For me, the quote that summarizes best our discussion and the key take-away is when Margarita states, "energy policies can never be imposed only from above. For the energy services, we depend on, in order to lead a good life, these are part of our expectations of the system in which we live". This describes well both what happens when people feel secure in the political systems and how they feel when they don't feel secure. Energy is an essential part of household and business budgets. Governments can make money or they can lose money in both providing energy services to its people and also, in this case, by selling fossil fuels. The energy system needs to be viewed both as a direct provider of benefits for households, but also an income generator for the state budget or other interests, which can either directly or indirectly benefit or harm citizens.
There is a tremendous amount of political-capital invested into energy and the relations that keep the system together and affordable. When energy becomes more expensive or the flows of money shift, the people can also shift their political allegiance The social compact may be broken which leads people to change their support for politicians. Thus, the idea of a social contract, which we discuss, plays an essential part in understanding the interplay of politics and energy.
And now for this episode with Professor Margarita Balmaceda on the shifting post-Soviet social energy pact.
December 14, 2020
Luis Janiero is a program officer working on renewable energy roadmaps at IRENA, before joining IRENA, he worked for five years at the Ecofys. Seán Collins holds a PhD from the University College Cork and as an Associate Program Officer on renewable energy roadmaps. The region is very heterogeneous. That is Southeast Europe, the income and the sizes of the system are very different from Austria and Italy to Cosmo and Bulgaria. Nonetheless, the countries each face the same challenge on the security of supply and high use of fossil fuel. For example, 90% of the oil is imported and over 70% of natural gas is also leading to the security of supply concerns. we delve into the future scenarios in this interview, the 2030 reference model, how things are going now and also the projected 2030 remap. This is what the future can be with the use of renewables. This is not a Fossil Free future scenario. But the advantageous use of renewables does shine through the model.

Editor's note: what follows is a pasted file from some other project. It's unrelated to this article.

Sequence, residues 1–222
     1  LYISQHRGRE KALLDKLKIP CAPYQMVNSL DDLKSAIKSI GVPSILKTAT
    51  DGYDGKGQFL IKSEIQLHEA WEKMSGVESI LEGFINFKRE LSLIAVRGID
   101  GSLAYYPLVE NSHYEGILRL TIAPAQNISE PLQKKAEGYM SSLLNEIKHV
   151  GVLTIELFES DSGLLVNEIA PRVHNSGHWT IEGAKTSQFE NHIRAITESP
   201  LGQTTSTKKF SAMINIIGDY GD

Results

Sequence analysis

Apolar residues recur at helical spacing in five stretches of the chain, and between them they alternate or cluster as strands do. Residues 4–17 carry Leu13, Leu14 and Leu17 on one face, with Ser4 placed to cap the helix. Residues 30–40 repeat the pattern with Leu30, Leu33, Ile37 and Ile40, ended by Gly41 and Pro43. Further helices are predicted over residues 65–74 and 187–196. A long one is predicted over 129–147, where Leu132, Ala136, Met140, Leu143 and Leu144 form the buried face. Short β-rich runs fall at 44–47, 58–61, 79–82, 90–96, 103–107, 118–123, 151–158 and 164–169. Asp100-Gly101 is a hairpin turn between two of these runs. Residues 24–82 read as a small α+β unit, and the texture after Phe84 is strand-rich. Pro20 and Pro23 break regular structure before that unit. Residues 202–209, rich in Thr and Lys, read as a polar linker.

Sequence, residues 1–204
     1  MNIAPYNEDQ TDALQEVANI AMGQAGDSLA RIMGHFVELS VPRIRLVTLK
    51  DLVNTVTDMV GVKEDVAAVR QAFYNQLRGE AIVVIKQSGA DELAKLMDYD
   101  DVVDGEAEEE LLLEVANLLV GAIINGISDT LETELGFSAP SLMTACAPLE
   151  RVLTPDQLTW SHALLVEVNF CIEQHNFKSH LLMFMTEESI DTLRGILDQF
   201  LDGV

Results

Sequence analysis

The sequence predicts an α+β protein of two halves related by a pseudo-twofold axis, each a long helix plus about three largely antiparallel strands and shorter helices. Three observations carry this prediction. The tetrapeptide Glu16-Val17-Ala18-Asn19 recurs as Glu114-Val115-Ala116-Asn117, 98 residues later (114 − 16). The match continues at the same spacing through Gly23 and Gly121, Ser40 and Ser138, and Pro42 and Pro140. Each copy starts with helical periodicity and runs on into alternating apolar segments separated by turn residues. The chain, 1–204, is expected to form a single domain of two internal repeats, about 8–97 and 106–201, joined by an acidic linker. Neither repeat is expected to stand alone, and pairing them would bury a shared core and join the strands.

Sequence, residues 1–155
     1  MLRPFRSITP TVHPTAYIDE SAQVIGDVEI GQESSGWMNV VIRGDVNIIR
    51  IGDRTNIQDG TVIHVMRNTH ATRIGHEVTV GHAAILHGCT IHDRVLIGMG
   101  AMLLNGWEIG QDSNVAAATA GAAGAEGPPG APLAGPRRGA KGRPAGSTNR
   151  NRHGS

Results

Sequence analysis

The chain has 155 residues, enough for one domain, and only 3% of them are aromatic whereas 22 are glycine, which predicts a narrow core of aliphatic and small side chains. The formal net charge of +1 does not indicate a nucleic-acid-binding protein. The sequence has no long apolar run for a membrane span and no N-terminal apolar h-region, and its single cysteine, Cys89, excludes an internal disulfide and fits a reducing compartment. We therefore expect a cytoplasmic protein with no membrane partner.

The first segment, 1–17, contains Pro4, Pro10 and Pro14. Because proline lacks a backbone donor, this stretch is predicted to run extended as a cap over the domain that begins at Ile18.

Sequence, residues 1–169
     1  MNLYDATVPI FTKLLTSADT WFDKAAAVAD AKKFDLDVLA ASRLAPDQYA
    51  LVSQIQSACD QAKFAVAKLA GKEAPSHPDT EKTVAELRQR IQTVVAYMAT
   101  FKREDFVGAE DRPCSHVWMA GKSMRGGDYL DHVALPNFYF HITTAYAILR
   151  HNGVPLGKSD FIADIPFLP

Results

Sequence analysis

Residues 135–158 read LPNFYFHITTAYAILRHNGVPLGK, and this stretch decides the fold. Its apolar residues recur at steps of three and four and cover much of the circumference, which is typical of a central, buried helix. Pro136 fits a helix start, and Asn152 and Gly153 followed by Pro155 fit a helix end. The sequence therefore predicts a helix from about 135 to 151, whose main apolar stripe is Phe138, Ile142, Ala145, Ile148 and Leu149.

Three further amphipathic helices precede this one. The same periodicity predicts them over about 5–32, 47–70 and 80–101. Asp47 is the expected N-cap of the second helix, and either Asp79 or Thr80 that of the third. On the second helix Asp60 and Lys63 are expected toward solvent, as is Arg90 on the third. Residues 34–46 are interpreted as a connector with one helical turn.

We touch on the importance of finance for renewables and risk for investors and the cost of capital and how this impacts a new project, the higher cost of capital in the region could slow down the deployment of renewables. My takeaway from this report, in our discussion with Luis and Shawn, is the result of the models are achievable and practical for the region. Their model is a moderate one of what can be done by 2030. So just in 10 years, even here, it provides policymakers and even citizens of the region, and ability to perceive a different future, which more holistically embraces a cleaner future with cleaner air and a lower at a lower cost than what is the current trajectory.
November 24, 2020
In this episode, we explore how energy infrastructure is not designed nor protected against cyber threats, there is now a realization of the importance of securing our energy system. Cyber threats can directly impact the militaries and the nation's ability to respond to physical threats against countries or armies.
We also discuss how even phishing scams can lead to compromising networks and impact infrastructure, institutions and countries. We have an extensive discussion around the alliance of NATO and why acting through NATO provides collective benefits. China and Russia are also framed not as immediate threats, but as potential future adversaries, and how the constant foreign probing of computer systems needs to be stopped.